4 Things YOU as a Member of the Texas Military Need to Know

The United States, on a nationwide scale, protects military service members in several ways through the Uniformed Services Employment and Reemployment Act or USERRA. One of the ways is to require employers to reemploy service members after their service obligations are completed subject to a couple of extra requirements. But what about the lone star state? The good news is that Texas has laws to protect Texas military forces that track the protections extended to national military forces under USERRA. Chapter 437 of the Texas Government Code is the primary location for these employment protections.

Like most bodies of law, Chapter 437 has multiple provisions that apply to service members, but this article is intended to briefly hit upon 1) who is covered, 2) what that coverage means, 3) how do you become eligible for those protections, and 4) what do you do if your employer isn’t as familiar with the law as you surely will be after you finish reading. 

1. Which service members are covered?

Chapter 437 is broad when it comes to its coverage and includes members of all military forces organized under Texas law. Specific forces include the Texas National Guard and the Texas State Guard.

2. Now that you’re covered, what do you win?

Well for one, you are entitled to up to 15 work days of paid leave of absence from your employer while participating in authorized training or while being called to duty. This means that from October 1st to September 30th, or to be fancy the federal fiscal year, as a member of a Texas military force you can have paid absences of 15 days for your military obligations.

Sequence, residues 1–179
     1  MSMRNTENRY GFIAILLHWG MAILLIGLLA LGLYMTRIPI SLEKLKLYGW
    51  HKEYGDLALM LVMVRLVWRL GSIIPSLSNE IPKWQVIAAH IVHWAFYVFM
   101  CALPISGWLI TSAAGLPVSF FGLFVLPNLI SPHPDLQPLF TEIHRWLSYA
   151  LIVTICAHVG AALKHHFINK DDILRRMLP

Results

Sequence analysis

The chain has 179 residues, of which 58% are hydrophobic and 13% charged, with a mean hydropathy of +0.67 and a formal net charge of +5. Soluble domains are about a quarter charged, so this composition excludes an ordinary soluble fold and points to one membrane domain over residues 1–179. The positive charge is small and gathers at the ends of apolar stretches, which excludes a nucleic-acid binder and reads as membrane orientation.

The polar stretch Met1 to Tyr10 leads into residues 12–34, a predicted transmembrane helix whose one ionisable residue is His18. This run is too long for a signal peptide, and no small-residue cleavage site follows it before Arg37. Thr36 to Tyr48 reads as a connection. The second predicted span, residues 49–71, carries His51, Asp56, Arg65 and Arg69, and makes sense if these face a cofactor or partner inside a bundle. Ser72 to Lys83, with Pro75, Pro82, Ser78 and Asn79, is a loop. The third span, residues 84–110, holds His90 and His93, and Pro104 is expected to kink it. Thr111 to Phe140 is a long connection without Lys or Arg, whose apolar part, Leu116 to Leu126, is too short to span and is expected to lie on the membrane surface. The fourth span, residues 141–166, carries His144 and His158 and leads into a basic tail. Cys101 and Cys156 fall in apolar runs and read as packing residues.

Additionally, if called to active duty in response to a disaster, Texas military force members are given up to seven additional days of paid leave of absence, again during that same fancy fiscal year — a potential of 22 days of paid leave of absence in total every fiscal year.

3. How do you claim your prize?

Although state military members are entitled to these protections, there are some steps to take before these protections are really put to work. As a Texas military force member, you should alert your employer that you are a member of the Texas military force and be able to provide proof of membership. If you receive notice that you will have training or duty obligations, you have to tell your employer as soon as possible that you have those obligations. After you have completed the duty, you have to tell your employer to expect you back at work and then return to your normal employment as soon as you are able after your release from duty. 

4. So you claimed your prize, but your employer is not exactly following the rules, what can you do?

Chapter 437 violations come under the purview of the Texas Workforce Commission Civil Rights Division. Some common violations are if you tell your employer you need to report to duty or authorized training and your employer decides to terminate you. Another one would be if you return to work and your employer lets you know that you will not be reinstated to the same employment that you had before you left for service obligations. And finally, if you are out for duty or authorized training and the employer punishes you for it by taking away your vacation time, performance ratings, or any benefit provided by the employer.

If any of those violations apply to you or think apply to you, reach out to a Dallas employment lawyer to help you navigate how to keep your prize.

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